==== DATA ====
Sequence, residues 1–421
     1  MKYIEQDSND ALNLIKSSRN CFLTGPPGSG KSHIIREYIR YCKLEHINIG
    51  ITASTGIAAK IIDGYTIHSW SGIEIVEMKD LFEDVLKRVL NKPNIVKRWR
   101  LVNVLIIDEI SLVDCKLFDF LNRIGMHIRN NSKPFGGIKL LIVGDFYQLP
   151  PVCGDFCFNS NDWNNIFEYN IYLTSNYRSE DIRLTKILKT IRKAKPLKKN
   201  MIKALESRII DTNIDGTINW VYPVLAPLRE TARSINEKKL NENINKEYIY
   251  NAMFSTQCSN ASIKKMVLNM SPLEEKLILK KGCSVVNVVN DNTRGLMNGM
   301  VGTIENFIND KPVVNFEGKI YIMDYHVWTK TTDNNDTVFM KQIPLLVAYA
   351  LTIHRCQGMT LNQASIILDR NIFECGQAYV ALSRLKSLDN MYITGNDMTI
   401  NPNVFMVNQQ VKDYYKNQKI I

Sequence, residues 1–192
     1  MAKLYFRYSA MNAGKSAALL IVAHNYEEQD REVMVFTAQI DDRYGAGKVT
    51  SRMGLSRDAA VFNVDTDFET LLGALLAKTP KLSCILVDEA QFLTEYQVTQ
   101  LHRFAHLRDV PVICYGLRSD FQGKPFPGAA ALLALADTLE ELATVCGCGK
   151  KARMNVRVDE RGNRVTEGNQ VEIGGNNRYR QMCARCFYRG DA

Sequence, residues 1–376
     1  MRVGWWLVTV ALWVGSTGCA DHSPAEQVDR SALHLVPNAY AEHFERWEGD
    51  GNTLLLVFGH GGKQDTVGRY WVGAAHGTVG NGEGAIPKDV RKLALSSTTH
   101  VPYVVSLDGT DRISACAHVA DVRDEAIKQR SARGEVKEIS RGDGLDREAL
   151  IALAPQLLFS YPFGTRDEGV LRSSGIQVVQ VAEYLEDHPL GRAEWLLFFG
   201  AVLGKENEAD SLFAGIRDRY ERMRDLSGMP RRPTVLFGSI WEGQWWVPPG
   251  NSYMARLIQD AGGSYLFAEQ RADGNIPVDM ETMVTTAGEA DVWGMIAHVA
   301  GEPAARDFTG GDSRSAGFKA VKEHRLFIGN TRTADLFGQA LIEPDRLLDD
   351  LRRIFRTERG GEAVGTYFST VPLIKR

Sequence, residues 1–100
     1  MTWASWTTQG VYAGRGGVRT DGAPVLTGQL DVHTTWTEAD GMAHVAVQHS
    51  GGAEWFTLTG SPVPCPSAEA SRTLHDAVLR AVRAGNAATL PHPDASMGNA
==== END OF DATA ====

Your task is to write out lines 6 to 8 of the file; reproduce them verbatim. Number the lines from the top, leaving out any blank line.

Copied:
   201  MIKALESRII DTNIDGTINW VYPVLAPLRE TARSINEKKL NENINKEYIY
   251  NAMFSTQCSN ASIKKMVLNM SPLEEKLILK KGCSVVNVVN DNTRGLMNGM
   301  VGTIENFIND KPVVNFEGKI YIMDYHVWTK TTDNNDTVFM KQIPLLVAYA